Archive for the ‘movies’ Category

Noticed a few pals on Facebook had changed their profiles to green squares. Why? I think it’s well explained in this Hollywood Reporter article. Basically, the company that did the visual effects for Life of Pi has filed for bankruptcy. Despite winning the Oscar for their work in Pi, the company has fallen apart and won’t get the well-deserved chance to parlay that success into future projects. The film’s director, Ang Lee, was quoted on the subject along the lines of wishing visual effects could be made cheaper, which set off much of the anger online from various VFX artists. Why can’t movie stars–basically glamorous puppets–be cheaper? What about directors…grossly overpaid and still having the balls to take possessory credit for a film they couldn’t possibly make by themselves? And little attention is given to studio executive salaries (which in many cases make actors look impoverished) because, well, the public doesn’t see them enough in front of the camera to care. It’s easy to see why the artists are pissed off, their amazing efforts being cheapened by Hollywood greed.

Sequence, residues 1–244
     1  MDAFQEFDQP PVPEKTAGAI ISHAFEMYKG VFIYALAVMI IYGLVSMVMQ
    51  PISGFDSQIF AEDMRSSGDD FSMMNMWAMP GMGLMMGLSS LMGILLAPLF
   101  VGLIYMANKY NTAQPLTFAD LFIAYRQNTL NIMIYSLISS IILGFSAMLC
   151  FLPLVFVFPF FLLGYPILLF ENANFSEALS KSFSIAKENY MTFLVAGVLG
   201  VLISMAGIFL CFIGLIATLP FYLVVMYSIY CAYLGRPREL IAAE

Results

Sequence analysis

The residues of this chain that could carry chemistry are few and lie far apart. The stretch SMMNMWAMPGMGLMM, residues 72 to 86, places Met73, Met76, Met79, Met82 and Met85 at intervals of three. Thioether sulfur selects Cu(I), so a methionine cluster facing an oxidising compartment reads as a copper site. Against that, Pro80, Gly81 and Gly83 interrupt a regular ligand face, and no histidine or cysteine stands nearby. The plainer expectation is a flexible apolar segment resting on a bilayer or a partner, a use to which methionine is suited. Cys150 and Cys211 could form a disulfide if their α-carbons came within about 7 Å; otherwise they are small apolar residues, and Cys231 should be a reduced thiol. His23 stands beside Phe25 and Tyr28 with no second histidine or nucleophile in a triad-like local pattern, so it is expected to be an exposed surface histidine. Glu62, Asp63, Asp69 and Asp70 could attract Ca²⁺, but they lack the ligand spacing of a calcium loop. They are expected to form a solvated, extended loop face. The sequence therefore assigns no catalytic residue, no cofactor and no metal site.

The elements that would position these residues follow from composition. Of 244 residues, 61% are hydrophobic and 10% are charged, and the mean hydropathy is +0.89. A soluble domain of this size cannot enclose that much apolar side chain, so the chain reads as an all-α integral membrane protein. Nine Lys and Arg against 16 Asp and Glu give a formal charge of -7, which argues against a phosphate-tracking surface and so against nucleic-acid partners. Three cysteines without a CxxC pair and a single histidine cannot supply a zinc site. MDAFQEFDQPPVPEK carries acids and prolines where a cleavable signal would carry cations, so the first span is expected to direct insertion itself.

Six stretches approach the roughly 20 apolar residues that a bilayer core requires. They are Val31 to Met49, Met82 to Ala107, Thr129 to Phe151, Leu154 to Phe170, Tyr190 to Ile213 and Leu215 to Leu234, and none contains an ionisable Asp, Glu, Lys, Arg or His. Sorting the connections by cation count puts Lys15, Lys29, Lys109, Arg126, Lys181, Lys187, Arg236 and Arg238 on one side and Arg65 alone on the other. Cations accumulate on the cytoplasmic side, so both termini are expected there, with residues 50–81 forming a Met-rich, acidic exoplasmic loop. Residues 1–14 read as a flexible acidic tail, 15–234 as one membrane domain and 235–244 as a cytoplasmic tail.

But I think this goes waaaaaay beyond what happened with these VFX folks. Artists in general have always been among the first to be screwed in all the entertainment industries–except for those actors with the best agents, I suppose. We musician folk have been struggling with crappy pay, royalties that pay higher for vocals than they do for instrumentals and producers looking for the cheapest possible music and sound for their projects…FREE if possible.